The dream for equality for Native Americans on the Wind River Reservation is far from reality. What is sad is that historic trauma of defeats, forced boarding schools to “kill the Indian to save the man,” institutionalized racism in Wyoming and prejudice especially in the communities surrounding the Wind River Reservation has led to internalized racism, where Native Americans believe they cannot succeed because they are Native Americans. Many do not know that they can have a voice. I have heard well-respected elders say things like, “I went to Cheyenne once to talk to legislators and the experience was so bad, I am never going back.”
On the Wind River Reservation where the life expectancy is 49 and the median age is 21 in the heart of Wyoming, I am given the opportunity to help them find and share their voices. The newly forming Wind River Native Advocacy Center I am nurturing has set as its vision, “A community engaged in self-determination for education, health, economic development and equality for the Wind River Reservation.” This past year 25 went to Cheyenne during the Wyoming State Legislative Session. They were heard and made a difference. This year we are planning for 50 to go. For next year’s elections, we plan to increase voter turnout on the Wind River Reservation that has been significantly lower than in other Wyoming communities. It’s convincing an oppressed population living in third world conditions that their vote, their voice and their civic engagement matters. Native Americans have welcomed me and appreciate that I am there, not to do for or to, but to do with and to empower them to have a stronger voice.
My bigger challenge, however, is getting those who are throwing the rocks, some of whom do not even know they are doing it, to stop it. For example, the University of Wyoming for how senior students from St. Stephens High School were treated last month in the bookstore downstairs in this student union where they were falsely accused of shop lifting, detained and searched because they were Native Americans when the young white chaperons with them were not. Is that any way to encourage Native Americans from the Wind River Reservation to come to UW to get their degrees so they can go back and be teachers, lawyers, entrepreneurs and such on the reservation or wherever else they may choose to live?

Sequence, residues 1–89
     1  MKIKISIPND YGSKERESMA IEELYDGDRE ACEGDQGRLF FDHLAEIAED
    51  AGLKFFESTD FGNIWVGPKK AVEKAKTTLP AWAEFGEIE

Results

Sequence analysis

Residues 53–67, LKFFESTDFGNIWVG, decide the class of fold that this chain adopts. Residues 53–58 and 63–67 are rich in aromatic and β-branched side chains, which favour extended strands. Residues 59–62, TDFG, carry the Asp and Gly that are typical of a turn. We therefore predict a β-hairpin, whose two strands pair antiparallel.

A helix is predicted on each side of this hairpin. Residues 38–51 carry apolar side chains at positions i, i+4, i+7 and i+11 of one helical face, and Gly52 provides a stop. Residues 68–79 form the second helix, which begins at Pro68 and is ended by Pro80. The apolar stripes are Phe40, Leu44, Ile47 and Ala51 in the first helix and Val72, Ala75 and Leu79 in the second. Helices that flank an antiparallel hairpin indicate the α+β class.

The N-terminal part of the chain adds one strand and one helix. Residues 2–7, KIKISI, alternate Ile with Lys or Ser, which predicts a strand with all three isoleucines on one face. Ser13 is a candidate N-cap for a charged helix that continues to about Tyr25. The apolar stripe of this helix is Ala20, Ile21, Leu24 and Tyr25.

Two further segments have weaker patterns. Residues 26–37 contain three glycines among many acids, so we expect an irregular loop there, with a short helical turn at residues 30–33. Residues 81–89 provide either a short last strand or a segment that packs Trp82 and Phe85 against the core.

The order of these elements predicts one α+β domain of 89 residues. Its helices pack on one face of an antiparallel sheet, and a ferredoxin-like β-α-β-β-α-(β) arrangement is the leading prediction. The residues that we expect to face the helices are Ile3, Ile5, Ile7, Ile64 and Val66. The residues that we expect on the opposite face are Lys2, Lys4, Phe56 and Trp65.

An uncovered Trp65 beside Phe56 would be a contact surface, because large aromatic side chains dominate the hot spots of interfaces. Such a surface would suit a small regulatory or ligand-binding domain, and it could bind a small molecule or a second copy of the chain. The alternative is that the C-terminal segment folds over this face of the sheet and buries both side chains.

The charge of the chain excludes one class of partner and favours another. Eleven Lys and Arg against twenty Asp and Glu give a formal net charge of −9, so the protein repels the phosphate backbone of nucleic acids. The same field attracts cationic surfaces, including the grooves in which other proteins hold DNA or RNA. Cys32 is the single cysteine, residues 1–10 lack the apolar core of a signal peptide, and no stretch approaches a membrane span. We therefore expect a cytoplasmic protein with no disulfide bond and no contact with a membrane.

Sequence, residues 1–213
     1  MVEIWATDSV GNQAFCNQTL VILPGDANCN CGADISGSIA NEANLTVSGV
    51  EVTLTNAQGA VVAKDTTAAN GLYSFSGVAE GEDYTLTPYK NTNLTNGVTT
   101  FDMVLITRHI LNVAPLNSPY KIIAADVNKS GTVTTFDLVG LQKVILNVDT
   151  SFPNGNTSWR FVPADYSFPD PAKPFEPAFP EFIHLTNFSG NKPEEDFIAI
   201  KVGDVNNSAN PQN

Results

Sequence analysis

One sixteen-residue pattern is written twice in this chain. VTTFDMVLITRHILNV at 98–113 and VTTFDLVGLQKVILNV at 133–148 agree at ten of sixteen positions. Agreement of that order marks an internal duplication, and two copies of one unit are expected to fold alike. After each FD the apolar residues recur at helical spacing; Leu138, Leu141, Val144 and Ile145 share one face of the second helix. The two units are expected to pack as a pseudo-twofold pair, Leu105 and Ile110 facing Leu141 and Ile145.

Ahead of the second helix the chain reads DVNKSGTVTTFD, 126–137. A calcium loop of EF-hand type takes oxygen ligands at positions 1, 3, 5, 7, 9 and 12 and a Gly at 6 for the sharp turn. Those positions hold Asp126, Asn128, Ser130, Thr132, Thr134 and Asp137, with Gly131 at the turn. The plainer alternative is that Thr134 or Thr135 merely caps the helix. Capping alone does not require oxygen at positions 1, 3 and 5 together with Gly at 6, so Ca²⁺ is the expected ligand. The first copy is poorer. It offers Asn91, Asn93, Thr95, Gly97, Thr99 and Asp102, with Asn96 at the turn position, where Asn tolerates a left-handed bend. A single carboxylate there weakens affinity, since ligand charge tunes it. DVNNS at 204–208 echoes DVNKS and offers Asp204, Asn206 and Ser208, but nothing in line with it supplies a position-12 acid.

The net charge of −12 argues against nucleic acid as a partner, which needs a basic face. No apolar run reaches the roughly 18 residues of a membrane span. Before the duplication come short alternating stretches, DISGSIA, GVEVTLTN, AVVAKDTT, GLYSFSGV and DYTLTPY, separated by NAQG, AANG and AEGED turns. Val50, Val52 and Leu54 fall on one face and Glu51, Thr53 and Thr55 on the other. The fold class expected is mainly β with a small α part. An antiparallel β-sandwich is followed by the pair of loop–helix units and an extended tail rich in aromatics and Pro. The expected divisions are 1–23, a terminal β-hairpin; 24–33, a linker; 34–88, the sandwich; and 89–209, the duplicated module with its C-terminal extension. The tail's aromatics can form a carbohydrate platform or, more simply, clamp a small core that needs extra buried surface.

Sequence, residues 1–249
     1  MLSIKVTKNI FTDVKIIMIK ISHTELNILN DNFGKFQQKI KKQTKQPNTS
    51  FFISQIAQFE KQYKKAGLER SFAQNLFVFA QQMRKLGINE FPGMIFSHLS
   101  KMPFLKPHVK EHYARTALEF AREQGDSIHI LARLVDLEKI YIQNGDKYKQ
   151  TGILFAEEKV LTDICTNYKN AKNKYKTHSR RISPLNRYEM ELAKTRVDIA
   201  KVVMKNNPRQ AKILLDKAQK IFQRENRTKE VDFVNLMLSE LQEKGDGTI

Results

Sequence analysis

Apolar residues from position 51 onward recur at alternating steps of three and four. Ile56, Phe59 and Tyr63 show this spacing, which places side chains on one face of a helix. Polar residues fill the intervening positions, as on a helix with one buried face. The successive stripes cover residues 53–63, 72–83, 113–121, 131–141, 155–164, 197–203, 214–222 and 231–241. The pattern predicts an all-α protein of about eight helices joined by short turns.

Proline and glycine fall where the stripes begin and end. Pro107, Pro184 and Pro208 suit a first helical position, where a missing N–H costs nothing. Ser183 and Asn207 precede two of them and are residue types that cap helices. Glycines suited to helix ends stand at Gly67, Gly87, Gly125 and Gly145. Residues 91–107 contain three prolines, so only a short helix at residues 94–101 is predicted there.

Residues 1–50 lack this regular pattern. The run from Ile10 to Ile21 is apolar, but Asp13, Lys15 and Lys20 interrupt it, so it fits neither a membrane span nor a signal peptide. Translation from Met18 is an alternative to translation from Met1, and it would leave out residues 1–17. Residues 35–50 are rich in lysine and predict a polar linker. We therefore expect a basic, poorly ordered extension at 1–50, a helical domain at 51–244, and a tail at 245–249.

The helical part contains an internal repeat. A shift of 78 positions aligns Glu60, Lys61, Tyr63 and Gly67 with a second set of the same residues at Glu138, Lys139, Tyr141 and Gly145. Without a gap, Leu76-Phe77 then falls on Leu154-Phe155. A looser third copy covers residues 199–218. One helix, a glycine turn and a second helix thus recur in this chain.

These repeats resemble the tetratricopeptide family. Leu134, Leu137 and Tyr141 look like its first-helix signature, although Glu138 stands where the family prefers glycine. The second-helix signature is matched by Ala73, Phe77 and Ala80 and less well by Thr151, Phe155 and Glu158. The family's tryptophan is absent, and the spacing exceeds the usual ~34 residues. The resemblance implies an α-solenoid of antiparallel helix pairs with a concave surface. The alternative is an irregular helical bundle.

The Melting Pot and assimilation have not worked for those with black or brown skin. The chair of the Wind River Native Advocacy Center and friend of mine says, “We speak your language. We wear your clothes. We eat your food. We live in your houses. We go to your schools. What else do you want? We cannot change the color of our skins.”
I have a dream. I believe that in Wyoming we can end racism. We can have a state where immigrant workers from Mexico or refugees from Serbia or recruited black players to the university or Northern Arapaho and Eastern Shoshone and other Natives who were here long before Christopher Columbus set sail from Spain can be accepted, respected and appreciated for what they have to offer.
I have a dream that diversity of culture will be valued as the highest priority for Wyoming’s institutions and governing bodies. I challenge every church, club and social structure to look at itself and determine how they can become more welcoming opening their doors and hearts to those who are different from them.
That is my story. My advice to you:
Find your voice for your vision.
Share your voice to make a difference.
Despite what others tell you, never plan to retire. Plan for aging and for transitions. Even plan for death, as it will come. But always use your voice for making a better world.